Winter can be a harsh time for any bike. Salt, grime, water, ice, snow, etc. can all take life out of your components. Here are a few tips on keeping things rolling smoothly during the winter months.
1.) Store your bike indoors or a garage during the night. I recommend this year round.
2.)Keep your chain lubed and drivetrain rolling smooth. Periodic cleaning of the chain every other or few weeks(depending on how much you ride). I like to use OneStep by Finish Line for cleaning a chain, it cleans and lubes. After drying or later that day i will use a seasonal lube, during the winter and cold nasty months i like WetLube by Finish Line. It is thicker and will stick to the chain better and not get washed off so easily. Handy when snow, slush, etc. is getting all over your drive train. In the warmer weather i will use Dry Teflon Lube by Finish Line, it is a wax base lube good for warmer weather.
3.) Make sure water is not getting into your brake and shifter cables. If you get water into the housings for these cables they may end up freezing together and be unable to move. You can obviously bring your bike inside and it will melt this water in the cable housings but yet it will still be in there. Resulting in it to refreeze again when your bike gets cold. To help reduce the likeliness of this happening is to put a little lube in your cable housing and or a white lithium grease on the cables near where they exit the housing. Some nicer cables will have teflon coatings on the cables and housings and this may be of no help. But for the large majority of bikes ridden a little bit of lube in the cable housings is never a bad thing.
4.) Pressure love. If you are storing your bike in a warm room this time of year the air pressure in your tires are going to be different when you get it out side and cold. Just like how a hot air balloon works a bike tire will act similarly. When the air is warm it will expand and when cold contract. So imagine you pump you tires up to 100psi when they are inside your warm house, take that tire outside and the air will cool down and contract, resulting in lower pressure in your tire. IF you go and fill it up to a 100psi when outside or in a garage, and then later bring that bike inside. The in the tires will warm up and expanded, the pressure will be above 100psi. This can result in tubes exploding while inside. Mind you the specific pressure of 100psi is relative to what pressure your tubes can handle.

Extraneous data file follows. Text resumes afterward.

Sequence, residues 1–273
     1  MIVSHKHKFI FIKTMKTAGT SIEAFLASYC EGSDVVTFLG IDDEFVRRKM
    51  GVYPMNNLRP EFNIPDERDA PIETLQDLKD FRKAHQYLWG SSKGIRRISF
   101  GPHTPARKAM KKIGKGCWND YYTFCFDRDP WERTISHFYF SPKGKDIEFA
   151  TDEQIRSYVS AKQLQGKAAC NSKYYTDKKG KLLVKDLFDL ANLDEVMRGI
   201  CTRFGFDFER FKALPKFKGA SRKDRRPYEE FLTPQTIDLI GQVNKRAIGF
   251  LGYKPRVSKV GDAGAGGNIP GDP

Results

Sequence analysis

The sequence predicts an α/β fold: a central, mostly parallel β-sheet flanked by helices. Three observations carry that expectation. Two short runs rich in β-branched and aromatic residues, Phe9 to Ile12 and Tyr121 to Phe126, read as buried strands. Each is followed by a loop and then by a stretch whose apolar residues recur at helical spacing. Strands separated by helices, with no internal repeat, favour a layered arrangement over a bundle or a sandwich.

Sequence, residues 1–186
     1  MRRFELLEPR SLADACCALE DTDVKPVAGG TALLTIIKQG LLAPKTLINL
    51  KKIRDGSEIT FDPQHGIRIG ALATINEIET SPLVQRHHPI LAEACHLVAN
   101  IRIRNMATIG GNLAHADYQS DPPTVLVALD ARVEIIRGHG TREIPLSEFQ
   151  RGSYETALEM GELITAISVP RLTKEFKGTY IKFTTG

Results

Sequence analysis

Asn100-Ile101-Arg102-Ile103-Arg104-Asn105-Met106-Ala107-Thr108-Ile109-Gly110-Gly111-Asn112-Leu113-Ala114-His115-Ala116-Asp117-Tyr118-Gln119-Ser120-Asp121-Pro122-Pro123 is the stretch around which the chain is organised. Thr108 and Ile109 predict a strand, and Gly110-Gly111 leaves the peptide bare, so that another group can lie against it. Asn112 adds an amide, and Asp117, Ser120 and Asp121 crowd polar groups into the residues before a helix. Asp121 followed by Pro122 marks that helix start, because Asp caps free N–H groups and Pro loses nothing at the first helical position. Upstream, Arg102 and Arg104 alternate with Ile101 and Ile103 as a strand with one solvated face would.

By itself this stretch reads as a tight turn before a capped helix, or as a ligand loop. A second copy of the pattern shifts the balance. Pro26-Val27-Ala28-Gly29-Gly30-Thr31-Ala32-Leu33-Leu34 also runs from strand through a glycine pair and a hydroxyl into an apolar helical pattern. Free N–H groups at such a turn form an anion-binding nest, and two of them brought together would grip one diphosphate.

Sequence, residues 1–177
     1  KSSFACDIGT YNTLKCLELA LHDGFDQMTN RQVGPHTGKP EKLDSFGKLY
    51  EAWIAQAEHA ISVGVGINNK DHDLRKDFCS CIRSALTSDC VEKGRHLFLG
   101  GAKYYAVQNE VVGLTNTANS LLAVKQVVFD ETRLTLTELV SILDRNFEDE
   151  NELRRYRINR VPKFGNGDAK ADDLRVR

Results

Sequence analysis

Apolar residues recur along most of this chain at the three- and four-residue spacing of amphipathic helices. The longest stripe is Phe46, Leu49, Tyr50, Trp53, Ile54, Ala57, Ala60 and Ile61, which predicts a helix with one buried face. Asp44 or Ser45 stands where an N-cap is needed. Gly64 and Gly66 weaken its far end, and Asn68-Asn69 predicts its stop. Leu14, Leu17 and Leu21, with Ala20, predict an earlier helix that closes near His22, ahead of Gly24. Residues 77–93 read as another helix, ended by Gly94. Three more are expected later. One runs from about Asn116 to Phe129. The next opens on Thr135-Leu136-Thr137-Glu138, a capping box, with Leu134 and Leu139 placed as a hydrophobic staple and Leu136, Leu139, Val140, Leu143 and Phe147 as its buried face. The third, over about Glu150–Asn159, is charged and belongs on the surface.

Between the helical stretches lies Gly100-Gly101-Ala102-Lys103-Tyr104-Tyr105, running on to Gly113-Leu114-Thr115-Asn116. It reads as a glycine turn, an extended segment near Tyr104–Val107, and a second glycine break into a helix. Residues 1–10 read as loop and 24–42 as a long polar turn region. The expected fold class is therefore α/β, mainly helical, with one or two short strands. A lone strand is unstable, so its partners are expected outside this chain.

5.) Tires. Switching tires can be helpful. Studded tires can be very handy in icy conditions. There is plenty written on them on the web, i’ve never have used one so I will leave that info to people that have. Other tire options consist of larger diameter tires such as cyclocross tires, or mtb tires depending on what type of bike you have. If you can only acquire one extra tire for winter weather use it on the front and not the rear. In the event of slippery conditions you want to have more control over the front to prevent the front washing out on you. If the rear does this you are more likely to just fish tail or be able to catch yourself. There’s nothing wrong with running the same slicks or tires you do all year round.
6. Keeping the bike stable. Exposing your bike to warm then cold then warm then cold again and again can wreck havoc if it is going on multiple times a day. Some times a lil prep can go a long way. For instance some times I will put my bike in the garage and get it to the same temp as outside. This will help stop condensation building up and snow instantly melting when it hits your bike and less likely to have it ice up. Warm metal getting hit with cold snow means instant melt. If i come back home before i head somewhere else i will leave it outside or in the garage and keep it cold to minimize the snow melting off and causing a watery havoc. This is of course completely relative to the weather. When bringing the bike in for the day i will try and knock off and wipe off the majority of snow from the bike to minimize the amount of water dripping off/on the bike or floor. Same as above warming the tires up back and forth will mess with the pressure also.
7.) Giving your bike a gentle bath once and a while is nice also. Use low pressure water to help ensure that you don’t shoot water into your cable housings. Dish soap and a wash rag are handy. Wipe it dry and let it sit for a bit for the rest of the moisture to evaporate off before taking outside.
Now to different types of drive-trains that work well in winter weather.
In my opinion fixed gear drivetrains work best. Simple and cheap. The chain is the only moving part. Easy to control when it starts to slip. Easy to keep clean.
Internally geared drivetrains are also popular since there is no external moving parts. These are more expensive and seals have been known to be temperamental. Easy to clean the drivetrain since there is no derailer.
Derailer style drive trans(most common on geared bikes road or mtb) can work just fine. These can be temperamental to snow and ice build up and or lubing issues. Properly maintained they will work just fine.
If you have any questions hit me up!